A resistor is a device designed to introduce resistance into the electric circuit. In layman’s term, a resistor can be described as the thing that keeps the balance of electric circuits. Without this, the circuits will not learn where their limitation is and there will be unbalance, faulty, and chaotic electrical system. Besides having resistors, knowing how to calculate the voltage in every resistor that is in parallel is also important.

Logically thinking, parallel branches should have equal voltage running across them. So, there is no need to compute for the resistors in parallel since the voltage is equal. However, this is not always the case.

In series resistors, the total resistance is computed by adding the resistance together. Parallel resistors, on the other hand, are more complicated.

Two Resistors

Calculating more than two resistors in a parallel uses a different formula. A simplified form of that formula can be used to compute two resistors in a parallel.

Req  R1R2__   

R1 + R2

For example, R1 = 5 Ω; R2 = 6 Ω, this problem is computed through the following solution:

Req       = R1R 

                R1 + R2

            = (5 Ω)(6 Ω)

               5 Ω + 6 Ω

            =  30


            =  2.73 Ω

Therefore, the power of resistors in parallel is equals to 2.73 Ω.

More Resistors

What if there are more than two resistors in a parallel? In that case, the formula below should be used:

Req       =                 1            _       

                 1_    1_    1_        1_

     R1 + R2 + R3…+ Rn

Try this formula using the given values: R1 = 4 Ω; R2 = 6 Ω; R3 = 8 Ω; R4 = 10 Ω; and R4 = 12Ω.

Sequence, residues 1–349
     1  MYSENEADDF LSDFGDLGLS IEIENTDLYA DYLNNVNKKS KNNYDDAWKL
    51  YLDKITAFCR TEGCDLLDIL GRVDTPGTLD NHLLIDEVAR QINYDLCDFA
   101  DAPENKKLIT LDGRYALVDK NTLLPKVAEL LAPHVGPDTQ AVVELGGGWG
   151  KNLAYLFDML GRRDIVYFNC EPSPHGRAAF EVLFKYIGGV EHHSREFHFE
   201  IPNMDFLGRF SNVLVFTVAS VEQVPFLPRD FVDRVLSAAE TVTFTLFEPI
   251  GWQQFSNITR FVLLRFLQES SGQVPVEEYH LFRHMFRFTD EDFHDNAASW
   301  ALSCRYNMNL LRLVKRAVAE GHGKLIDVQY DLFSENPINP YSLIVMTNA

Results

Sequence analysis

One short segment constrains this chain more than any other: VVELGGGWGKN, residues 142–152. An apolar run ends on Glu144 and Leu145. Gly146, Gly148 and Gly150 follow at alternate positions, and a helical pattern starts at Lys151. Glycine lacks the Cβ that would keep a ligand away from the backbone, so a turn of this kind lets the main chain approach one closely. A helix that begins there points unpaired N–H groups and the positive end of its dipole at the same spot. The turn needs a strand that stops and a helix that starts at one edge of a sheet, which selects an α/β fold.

Req       =                 1            _       

                  1     1_    1          1_

     R1 + R2 + R3…+ Rn

            =                            1                      _

                  1_      1_     1        1_       1 _

     4Ω + 6Ω + 8Ω + 10Ω + 12Ω

            =                                  1                               _

                0.25Ω + 0.17Ω + 0.125Ω + 0.1Ω + 0.08Ω

            =     1   _


            = 1.26Ω

Therefore, the power of the resistors in parallel is 1.26 Ω.

More Formula

The formula for calculating the resistors in parallel that are mentioned above can only be the start of solving a new equation. Even the data given above can be used to solve a different equation. Solving the voltage divider or the current divider principle is possible with those data.

To get the voltage divider, get the product of the first resistor ohm and the voltage. The answer will be divided by the sum of the first resistor and the second resistor.

To get the current divider principle, multiply the current by the quotient of resistors in parallel and its first resistor.

Enough practice should help you familiarize the formula better. Take note also that the examples and formula mentioned here are the basic and the simplest. In real life scenario and more complicated problems, a more complicated formula is also needed.

A little imagination and creativity will help you solve the problem easily. After all, even the most complicated math problem can only be solved after you have learned the basics. So, never underestimate the power of this simple formula. It could get you far into solving more challenging problems.

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